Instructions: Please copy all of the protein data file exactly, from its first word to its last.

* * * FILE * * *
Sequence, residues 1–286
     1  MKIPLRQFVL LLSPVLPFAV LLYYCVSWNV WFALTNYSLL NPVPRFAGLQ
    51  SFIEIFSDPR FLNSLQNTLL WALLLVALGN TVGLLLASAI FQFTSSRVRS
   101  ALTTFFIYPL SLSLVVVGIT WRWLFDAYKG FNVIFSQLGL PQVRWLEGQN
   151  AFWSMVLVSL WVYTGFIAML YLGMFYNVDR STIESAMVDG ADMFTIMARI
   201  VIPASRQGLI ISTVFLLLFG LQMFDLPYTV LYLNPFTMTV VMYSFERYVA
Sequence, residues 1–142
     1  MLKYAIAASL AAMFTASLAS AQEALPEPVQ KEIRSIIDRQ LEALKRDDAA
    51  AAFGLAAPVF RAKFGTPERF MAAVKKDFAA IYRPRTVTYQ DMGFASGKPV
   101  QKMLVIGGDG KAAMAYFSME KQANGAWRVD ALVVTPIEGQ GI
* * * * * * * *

Sequence, residues 1–286
     1  MKIPLRQFVL LLSPVLPFAV LLYYCVSWNV WFALTNYSLL NPVPRFAGLQ
    51  SFIEIFSDPR FLNSLQNTLL WALLLVALGN TVGLLLASAI FQFTSSRVRS
   101  ALTTFFIYPL SLSLVVVGIT WRWLFDAYKG FNVIFSQLGL PQVRWLEGQN
   151  AFWSMVLVSL WVYTGFIAML YLGMFYNVDR STIESAMVDG ADMFTIMARI
   201  VIPASRQGLI ISTVFLLLFG LQMFDLPYTV LYLNPFTMTV VMYSFERYVA
Sequence, residues 1–142
     1  MLKYAIAASL AAMFTASLAS AQEALPEPVQ KEIRSIIDRQ LEALKRDDAA
    51  AAFGLAAPVF RAKFGTPERF MAAVKKDFAA IYRPRTVTYQ DMGFASGKPV
   101  QKMLVIGGDG KAAMAYFSME KQANGAWRVD ALVVTPIEGQ GI